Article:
The Fitch Rating bond downgrade is getting dismissed by Guam officials as inconsequential. But its warning, detailed in the Pacific Daily News report, ought to give pause.
Fitch is saying that Guam has a "sizable outstanding debt obligations" primarily for one of its pension plans. The problem, says Fitch, is the island has "limited gap closing capacity and would likely experience fiscal distress in a moderate downturn," the PDN reported.
This means a recession may bring serious financial problems to Guam.
Guam's tourism economy is very susceptible to regional economies. The island saw nearly 1.4 million visitors through November, an increase of 9.1%, according to the Guam Visitors Bureau data. But any slowdown in the economies of Korea, which accounts for 39 percent of visitors, or Japan at 48 percent, is going to hurt.
Then there is President-elect Donald Trump's administration, a wild card if there ever was one. The implications of the Trump administration on geopolitical stability, the economy and military are all unknowns.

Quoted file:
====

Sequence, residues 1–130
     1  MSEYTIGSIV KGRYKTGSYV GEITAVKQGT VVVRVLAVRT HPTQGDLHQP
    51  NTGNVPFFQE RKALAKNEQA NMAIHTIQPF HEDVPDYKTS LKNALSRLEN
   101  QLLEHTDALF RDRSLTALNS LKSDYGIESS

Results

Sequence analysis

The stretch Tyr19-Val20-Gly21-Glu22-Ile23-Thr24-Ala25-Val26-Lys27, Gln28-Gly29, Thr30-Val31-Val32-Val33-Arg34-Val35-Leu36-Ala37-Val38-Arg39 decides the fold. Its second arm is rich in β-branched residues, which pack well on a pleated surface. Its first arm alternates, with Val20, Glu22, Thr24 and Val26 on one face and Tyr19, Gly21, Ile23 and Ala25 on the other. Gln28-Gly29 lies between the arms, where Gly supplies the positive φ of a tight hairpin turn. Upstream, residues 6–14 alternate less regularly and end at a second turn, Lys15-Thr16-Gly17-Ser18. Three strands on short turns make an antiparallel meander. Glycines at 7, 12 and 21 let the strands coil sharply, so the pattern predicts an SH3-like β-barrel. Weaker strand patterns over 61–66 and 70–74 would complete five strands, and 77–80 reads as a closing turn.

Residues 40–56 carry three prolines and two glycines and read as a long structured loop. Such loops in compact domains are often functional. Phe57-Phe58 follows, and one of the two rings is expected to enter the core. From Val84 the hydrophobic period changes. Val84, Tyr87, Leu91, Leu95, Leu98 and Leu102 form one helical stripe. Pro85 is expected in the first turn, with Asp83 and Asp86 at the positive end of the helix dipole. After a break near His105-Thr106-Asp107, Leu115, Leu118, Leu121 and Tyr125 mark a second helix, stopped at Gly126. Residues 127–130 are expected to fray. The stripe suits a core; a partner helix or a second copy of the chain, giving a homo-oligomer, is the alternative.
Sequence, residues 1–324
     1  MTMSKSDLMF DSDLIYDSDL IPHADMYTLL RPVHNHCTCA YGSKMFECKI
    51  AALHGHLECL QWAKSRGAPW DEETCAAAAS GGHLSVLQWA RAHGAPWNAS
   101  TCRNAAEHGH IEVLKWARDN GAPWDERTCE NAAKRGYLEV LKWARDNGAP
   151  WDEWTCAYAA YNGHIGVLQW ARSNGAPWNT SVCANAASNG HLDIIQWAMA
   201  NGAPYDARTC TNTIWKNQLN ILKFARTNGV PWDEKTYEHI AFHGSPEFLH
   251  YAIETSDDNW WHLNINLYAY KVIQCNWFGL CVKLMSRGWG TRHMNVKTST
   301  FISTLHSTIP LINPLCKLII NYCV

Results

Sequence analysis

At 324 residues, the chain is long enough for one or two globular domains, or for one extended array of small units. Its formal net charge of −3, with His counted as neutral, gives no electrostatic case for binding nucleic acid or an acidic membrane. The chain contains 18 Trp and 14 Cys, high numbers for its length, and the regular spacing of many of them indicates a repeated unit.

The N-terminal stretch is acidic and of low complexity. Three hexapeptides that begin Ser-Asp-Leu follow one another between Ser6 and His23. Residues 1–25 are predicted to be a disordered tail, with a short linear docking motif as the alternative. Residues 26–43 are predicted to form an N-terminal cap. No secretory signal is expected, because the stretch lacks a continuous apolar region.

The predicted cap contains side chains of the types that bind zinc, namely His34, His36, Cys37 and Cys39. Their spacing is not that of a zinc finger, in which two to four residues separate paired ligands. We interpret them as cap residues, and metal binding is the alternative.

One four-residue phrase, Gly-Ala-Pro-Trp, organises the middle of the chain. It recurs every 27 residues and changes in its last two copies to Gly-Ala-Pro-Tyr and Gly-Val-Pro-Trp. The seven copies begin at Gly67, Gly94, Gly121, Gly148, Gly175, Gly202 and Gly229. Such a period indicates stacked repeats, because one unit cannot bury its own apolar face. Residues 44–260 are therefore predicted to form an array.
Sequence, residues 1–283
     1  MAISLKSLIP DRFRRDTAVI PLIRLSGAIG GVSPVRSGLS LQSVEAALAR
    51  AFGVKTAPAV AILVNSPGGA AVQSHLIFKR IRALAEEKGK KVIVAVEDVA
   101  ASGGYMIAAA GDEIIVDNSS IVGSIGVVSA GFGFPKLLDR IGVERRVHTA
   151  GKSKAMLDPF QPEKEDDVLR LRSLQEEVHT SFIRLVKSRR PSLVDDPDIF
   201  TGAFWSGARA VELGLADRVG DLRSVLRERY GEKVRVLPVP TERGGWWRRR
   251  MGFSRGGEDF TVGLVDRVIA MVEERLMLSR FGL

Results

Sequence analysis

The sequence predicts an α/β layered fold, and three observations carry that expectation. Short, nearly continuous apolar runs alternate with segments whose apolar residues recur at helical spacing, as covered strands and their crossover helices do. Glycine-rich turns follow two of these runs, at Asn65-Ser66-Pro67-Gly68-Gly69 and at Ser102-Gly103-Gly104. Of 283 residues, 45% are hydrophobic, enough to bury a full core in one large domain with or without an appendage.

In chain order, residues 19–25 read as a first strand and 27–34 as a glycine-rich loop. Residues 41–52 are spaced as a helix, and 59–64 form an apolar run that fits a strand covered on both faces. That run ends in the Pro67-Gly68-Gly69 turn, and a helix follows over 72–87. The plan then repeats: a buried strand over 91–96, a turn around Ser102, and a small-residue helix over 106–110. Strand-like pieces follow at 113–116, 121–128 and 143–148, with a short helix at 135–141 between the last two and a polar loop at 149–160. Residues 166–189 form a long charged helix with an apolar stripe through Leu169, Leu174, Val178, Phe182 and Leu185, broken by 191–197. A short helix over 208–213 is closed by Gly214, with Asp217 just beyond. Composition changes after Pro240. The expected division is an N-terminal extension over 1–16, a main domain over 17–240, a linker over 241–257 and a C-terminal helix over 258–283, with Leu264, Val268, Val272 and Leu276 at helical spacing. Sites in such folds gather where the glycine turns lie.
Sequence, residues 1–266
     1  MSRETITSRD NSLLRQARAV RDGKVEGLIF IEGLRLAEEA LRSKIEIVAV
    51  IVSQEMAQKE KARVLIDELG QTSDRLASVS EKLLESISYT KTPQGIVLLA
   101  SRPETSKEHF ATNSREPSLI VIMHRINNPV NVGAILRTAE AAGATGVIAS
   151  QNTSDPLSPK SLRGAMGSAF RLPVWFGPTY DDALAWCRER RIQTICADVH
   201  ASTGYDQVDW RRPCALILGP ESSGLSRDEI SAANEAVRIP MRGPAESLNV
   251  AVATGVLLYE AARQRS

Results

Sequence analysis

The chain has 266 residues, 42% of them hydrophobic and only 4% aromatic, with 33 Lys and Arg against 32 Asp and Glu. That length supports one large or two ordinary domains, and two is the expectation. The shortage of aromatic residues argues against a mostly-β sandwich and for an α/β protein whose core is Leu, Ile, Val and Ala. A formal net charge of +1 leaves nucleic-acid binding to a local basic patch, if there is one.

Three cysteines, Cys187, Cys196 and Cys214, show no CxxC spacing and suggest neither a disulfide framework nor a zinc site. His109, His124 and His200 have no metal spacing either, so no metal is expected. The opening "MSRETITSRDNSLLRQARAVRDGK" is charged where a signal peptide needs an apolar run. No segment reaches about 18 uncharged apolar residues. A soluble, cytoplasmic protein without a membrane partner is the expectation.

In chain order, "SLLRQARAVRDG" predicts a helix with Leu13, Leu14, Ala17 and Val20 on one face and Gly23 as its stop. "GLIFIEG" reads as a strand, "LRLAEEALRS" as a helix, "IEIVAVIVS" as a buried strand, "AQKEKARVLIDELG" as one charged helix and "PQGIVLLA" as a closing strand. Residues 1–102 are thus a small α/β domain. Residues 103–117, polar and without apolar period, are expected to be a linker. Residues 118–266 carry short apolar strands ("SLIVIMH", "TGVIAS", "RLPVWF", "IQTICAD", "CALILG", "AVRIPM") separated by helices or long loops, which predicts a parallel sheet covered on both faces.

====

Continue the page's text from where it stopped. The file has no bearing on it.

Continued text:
Guam sees China as a big tourism hope. There were only 1,377 visitors from China who arrived in November out of 126,000 overall visitors to the island that month. But expectations are that China may one day become as important as South Korea, which was responsible for nearly 49,000 visitors last month.
The larger risk for Guam, however, is increasing dependency on the U.S.
Worries about debt may help drive support for expanded military presence on the island. Buildup opponents oppose may find themselves fighting those with concerns about Gov Guam's pension funds and budget.